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Caregiver burden and related factors in Iranian mothers of children with attention-deficit hyperactivity disorder
Mina Mostafavi, Hossein Namdar Areshtanab, Hossein Ebrahimi, Maryam Vahidi, Shahrokh Amiri, Sanaz Norouzi
July-September 2020, 9(3):149-156
Background: Literature indicates high levels of burden in primary caregivers of children with attention-deficit hyperactivity disorder (ADHD). Identifying the related factors might help in planning the interventions to reduce it. Objective: This study aimed to identify the caregiver burden and its related factors in Iranian mothers with children suffering from ADHD. Methods: In this correlational study, 246 mothers with children and adolescents suffering from ADHD referred to psychiatric clinics of Tabriz University of Medical Sciences were included through a convenient sampling method. Data were collected using a demographic information form, Zarit Burden Interview, Swanson Nolan and Pelham Parent Rating Scale-IV, and the Kiddie Schedule for Affective Disorders and Schizophrenia-present and lifetime version. Data were analyzed using descriptive statistics, t-test, Pearson's correlation coefficient, analysis of variance, and multiple linear regression analysis. Results: A majority of children (66%) were in the combined subtype. The mean of the disorder severity was 1.91 ± 0.79, 1.76 ± 0.70, and 1.81 ± 0.61 in impulsive, inattentive, and combined subtypes, respectively. The mean of mothers' caregiver burden was 40.43 ± 1.38. A significant relationship was found between the mean severity of the disorder subtypes and caregiver burden. The correlation coefficient was 0.36, 0.29, and 0.29 for the impulsive, inattentive, and combined subtypes, respectively. The mother's age, existence of ADHD in the child's brother, family member's cooperation in caregiving, and the child's birth rank could significantly predict the caregiver burden. Conclusion: Given the role of family-related factors in the burden of care in mothers of children with ADHD, family-centered care and home visits are recommended to assist mothers of these children.
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The association between fear of falling and functional tests in older adults with diabetes mellitus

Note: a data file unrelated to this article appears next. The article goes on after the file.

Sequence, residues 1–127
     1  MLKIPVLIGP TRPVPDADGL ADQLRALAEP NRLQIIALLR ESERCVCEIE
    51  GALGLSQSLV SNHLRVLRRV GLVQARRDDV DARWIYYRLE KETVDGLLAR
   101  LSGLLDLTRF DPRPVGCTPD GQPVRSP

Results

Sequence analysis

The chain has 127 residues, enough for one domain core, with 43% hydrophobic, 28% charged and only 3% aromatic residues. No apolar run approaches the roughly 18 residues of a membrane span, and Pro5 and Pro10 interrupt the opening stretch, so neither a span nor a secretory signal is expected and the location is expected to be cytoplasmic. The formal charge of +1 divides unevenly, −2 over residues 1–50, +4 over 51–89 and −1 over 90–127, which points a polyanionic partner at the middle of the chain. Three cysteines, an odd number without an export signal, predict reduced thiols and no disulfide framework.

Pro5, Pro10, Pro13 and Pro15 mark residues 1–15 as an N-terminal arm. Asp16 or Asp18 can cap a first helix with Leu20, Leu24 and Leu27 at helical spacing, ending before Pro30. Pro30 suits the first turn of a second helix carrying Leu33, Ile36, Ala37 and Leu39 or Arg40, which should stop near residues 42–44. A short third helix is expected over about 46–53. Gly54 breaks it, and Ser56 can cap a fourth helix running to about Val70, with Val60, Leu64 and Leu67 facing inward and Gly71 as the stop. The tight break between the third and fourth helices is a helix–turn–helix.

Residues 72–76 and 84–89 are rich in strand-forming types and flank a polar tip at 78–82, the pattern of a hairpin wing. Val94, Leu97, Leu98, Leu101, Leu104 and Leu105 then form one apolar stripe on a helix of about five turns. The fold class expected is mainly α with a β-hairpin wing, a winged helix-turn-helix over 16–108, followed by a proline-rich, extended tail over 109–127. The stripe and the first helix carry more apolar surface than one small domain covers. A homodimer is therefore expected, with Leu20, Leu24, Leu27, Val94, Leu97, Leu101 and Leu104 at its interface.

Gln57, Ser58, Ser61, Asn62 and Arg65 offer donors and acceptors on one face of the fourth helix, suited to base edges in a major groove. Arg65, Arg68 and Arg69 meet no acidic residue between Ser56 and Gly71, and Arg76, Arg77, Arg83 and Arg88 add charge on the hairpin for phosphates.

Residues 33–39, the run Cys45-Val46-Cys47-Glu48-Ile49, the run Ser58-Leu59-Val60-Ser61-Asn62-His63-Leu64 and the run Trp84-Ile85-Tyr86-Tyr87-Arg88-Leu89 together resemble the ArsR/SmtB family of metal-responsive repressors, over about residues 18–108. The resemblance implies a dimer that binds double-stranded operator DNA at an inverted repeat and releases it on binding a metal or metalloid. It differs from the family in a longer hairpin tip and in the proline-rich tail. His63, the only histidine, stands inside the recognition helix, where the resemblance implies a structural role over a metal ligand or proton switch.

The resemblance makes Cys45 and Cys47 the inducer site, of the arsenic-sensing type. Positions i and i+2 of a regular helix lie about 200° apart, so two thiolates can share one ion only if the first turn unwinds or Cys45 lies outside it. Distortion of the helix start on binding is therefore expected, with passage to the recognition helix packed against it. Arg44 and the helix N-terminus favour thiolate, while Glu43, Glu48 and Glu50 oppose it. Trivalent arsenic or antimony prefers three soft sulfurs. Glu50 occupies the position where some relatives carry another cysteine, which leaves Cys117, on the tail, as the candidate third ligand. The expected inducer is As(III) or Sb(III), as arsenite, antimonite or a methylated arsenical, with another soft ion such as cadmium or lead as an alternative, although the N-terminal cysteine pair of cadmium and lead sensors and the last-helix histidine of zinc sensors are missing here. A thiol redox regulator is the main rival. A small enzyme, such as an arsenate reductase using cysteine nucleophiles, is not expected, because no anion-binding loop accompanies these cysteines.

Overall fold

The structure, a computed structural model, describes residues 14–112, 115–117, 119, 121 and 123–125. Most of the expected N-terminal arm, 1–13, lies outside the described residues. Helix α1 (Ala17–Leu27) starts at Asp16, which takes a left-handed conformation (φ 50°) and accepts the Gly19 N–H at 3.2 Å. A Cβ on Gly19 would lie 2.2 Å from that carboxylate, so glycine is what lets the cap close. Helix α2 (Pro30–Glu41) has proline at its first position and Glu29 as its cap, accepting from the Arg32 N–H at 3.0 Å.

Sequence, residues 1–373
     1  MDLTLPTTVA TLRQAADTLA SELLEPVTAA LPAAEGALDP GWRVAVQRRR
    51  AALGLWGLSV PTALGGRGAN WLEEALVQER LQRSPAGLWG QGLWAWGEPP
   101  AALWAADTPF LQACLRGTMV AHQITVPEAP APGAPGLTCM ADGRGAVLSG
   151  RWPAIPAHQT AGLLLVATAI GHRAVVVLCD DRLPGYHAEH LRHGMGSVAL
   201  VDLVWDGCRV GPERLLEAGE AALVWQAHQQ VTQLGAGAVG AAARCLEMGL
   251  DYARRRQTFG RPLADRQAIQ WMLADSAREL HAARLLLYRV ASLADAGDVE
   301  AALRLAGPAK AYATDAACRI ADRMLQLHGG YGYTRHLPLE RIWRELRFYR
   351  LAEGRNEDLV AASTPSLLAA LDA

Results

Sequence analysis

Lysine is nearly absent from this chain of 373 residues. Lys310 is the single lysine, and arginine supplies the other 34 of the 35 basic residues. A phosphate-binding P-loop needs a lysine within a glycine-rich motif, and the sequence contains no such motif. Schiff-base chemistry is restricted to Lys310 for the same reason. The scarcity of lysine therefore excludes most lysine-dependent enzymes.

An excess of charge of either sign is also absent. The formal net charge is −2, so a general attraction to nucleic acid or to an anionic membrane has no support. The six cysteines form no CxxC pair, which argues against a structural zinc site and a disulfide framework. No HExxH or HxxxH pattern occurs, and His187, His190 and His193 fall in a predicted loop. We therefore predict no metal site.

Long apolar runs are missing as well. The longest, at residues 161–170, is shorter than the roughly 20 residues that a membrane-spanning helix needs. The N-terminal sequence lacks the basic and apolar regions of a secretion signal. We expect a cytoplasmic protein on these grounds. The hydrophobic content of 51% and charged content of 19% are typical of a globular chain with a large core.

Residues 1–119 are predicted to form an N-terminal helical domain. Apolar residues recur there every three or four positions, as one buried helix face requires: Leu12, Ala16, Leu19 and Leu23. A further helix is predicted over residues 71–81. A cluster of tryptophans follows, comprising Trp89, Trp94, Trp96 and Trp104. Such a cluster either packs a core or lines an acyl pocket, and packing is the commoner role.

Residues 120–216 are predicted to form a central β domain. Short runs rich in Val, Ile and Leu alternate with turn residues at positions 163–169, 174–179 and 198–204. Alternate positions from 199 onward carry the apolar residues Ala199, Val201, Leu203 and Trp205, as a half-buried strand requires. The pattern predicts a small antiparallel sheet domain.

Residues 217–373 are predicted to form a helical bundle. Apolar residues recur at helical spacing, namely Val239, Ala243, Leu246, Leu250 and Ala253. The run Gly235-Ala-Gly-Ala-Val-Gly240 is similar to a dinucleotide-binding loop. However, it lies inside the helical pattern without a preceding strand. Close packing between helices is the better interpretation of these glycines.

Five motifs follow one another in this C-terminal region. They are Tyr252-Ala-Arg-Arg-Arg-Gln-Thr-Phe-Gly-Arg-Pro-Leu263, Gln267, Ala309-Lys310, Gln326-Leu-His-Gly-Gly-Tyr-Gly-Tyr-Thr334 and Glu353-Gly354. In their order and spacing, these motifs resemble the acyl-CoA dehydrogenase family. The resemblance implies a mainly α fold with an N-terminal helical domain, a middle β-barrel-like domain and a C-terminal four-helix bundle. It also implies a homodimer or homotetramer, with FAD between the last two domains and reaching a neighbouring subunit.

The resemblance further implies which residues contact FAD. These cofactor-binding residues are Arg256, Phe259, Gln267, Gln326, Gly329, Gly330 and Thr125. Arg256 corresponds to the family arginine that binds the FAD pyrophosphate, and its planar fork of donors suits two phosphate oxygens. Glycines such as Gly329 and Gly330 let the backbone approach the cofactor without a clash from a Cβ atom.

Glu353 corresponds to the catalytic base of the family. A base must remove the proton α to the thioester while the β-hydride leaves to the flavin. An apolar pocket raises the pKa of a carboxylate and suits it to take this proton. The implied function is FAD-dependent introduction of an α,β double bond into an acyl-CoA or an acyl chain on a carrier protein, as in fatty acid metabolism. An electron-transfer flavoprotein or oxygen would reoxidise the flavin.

Sakineh Jaddi Arani, Mahboubeh Rezaei, Mansour Dianati, Fatemeh Atoof
July-September 2020, 9(3):163-170
Background: The number of older adults with diabetes mellitus (DM) is increasing. Falling during walking and the fear of it are prevalent in older adults with DM. Objective: This study aimed to examine the association between fear of falling (FoF) and functional tests in older adults with DM and to determine other factors affecting functional tests in these people. Methods: A cross-sectional study was conducted on 134 older adults with DM who had referred to the diabetes clinic of Matini Hospital in Kashan, Iran. The participants were selected through sequential sampling and then were categorized into two groups of “with” and “without FoF.” In addition to responding to a demographic questionnaire, the participants were assessed by the Mini-Mental State Examination, Diabetic Neuropathy Symptom Score, and Falls Efficacy Scale-International version. Walking performance of the participants was also measured using the Timed Up-and-Go, 5-Sit-to-Stand, and 50-Foot Timed Walk tests. Data were analyzed using the Chi-square, t-, and Mann–Whitney U-tests and linear regressions analysis. Results: Significant associations were found between FoF and education level, body mass index, waist-to-hip ratio, and having neuropathy (P < 0.05). In addition to FoF, a number of demographic, anthropometric, and clinical variables affected the patients' performance in all functional tests; however, gender was the variable that affected the results of all three tests (P < 0.05). Conclusion: FoF is associated with the performance of older adults with DM in functional tests. Thus, the FoF should be assessed in older adults with DM in order to provide better health care for them.
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Determining nursing research priorities in lao people's democratic republic: A modified delphi study
Yupin Aungsuroch, Chanheme Songnavong, Pachanat Tantikosoom, Souksavanh Phanpaseuth, Anousone Sisoulath, Joko Gunawan, Virya Koy, Dalasouk Khamlunvilaivong
July-September 2020, 9(3):157-162